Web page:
Age Of SigBrah Episode 14: Dear Monty (New Dawn)

Welcome Traveler to Age Of SigBrah!

In today’s episode Gary and Andy discuss new releases and the Age Of Sigmar tournament New Dawn (Dom) 

We also have the new section “Dear Monty”.

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Intro Music by TeknoAxe

Email: thelostlighthouse@live.co.uk
Twitter & Instagram: @lost_lighthouse
Facebook: facebook.com/thelostlighthouse

Love you all!

Gary & Andy

The Lost Lighthouse Reviews: Hey, That’s My Fish!

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I’ll start this review by confessing that I love penguins, plain and simple. I also love being able to screw my friends over in board games, less so when it happens to me but I guess that’s one of the rules of being “a bit of a git”.

After seeing the box art for Hey, that’s my fish!, I knew I’d enjoy it. I’d also heard a lot of good things about it before picking it up.

With a rule book (sheet) shorter than most fast food menus, you’ll be able to get straight into the fishy fun. The only downside I find to the game, and it’s really minor, is setting it up. You have to set up lots of small tiles, but if the whole group gets involved, it’s really no issue.
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So, in a nutshell, the aim of the 2-4 player game is to collect more fish than your opponents. Each player moves one of their penguins at a time, in a straight line and then collects the tile they started on. Your penguin can not pass through any other penguin during his move but that’s pretty much the only restriction. Tiles will have 1, 2 or 3 fish on them.
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In the beginning it seems a bit tame, but after a few turns you’ll start to notice the play area disappearing as you collect tiles. We quickly spotted that you can try to isolate other people’s penguins and leave their penguins adrift, it’s a bit mean but quite funny none the less.
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Hey, that’s my fish! fits nicely into the “pre-game” slot, it’s great as a nice warm up to a bigger games or for friends that are new to board gaming. Not taking anything away from it, as it really is a great game and you may well fill an evening playing it lots and lots. We managed to get a couple games in around half an hour and really enjoyed them. The small amount of game space needed is also refreshing! Proving that a game doesn’t need to be big to be good. I can see this being great to play with the kids as well.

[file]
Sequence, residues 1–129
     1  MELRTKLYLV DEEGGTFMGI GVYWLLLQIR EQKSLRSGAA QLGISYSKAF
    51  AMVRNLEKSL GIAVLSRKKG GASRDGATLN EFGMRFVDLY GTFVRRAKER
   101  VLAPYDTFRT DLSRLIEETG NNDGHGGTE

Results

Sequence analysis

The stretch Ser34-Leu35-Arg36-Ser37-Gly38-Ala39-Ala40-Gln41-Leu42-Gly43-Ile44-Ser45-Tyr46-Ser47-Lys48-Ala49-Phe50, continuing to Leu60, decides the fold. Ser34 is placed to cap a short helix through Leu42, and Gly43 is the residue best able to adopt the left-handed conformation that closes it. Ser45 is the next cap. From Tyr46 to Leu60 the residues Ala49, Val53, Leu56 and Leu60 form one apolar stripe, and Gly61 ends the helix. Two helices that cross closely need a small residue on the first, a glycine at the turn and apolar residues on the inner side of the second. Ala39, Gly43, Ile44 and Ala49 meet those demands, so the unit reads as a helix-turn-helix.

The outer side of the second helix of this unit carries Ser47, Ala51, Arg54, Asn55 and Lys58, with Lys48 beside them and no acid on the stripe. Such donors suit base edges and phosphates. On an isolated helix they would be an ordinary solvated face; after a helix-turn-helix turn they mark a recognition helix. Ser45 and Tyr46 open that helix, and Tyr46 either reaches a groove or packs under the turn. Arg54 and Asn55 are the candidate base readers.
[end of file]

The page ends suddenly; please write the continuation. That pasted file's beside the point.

With Christmas coming up, and landing in at around £10, I can see this being a great stocking filler for all board game enthusiasts.

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I love this penguin. You will have the same expression when one of your penguins gets isolated!

I’d highly recommended Hey that’s my fish to pretty much anyone. With it’s low cost to high fun ratio, I can’t see anyone being disappointed. So treat yourself to an early present and pa-pa-pick….(Gary was forcefully removed before finishing this awful joke).

You can find your local retailer for Hey, That’s My fish by using this link.

Gary.

Age Of SigBrah! Ep 6 Gary Say Words

So after a little break (sorry) Gary and Andy are back. They check out a selection of super sweet models that have been released since Ep5.

They also discuss hobby progress leading up to the Maul and the games they’ve played in the break.

Hope you enjoy!

Contact

Email: Thelostlighthouse@live.co.uk
Twitter & Instagram: @lost_lighthouse
Facebook: http://www.Facebook.com/thelostlighthouse

Intro and outdo music by TeknoAXE.

The Lost Lighthouse Reviews: Dobble

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It’s not often a game takes you completely by surprise. In a golden age of board gaming, it’s easy to over look a little game like Dobble. It’s not in a huge, flashy box or costs loads of money, so it must not be worth it, right? Wrong, so very wrong!

I had not heard of Dobble before playing it, but I love Jungle Speed, a game made by the same publisher (Asmodee), so I gave it a go. Within a few minutes I fell in love. It asks for so little but gives you so much back in return. It’s hard to describe how much joy you can pack into a metal container, barely bigger than a can of tuna.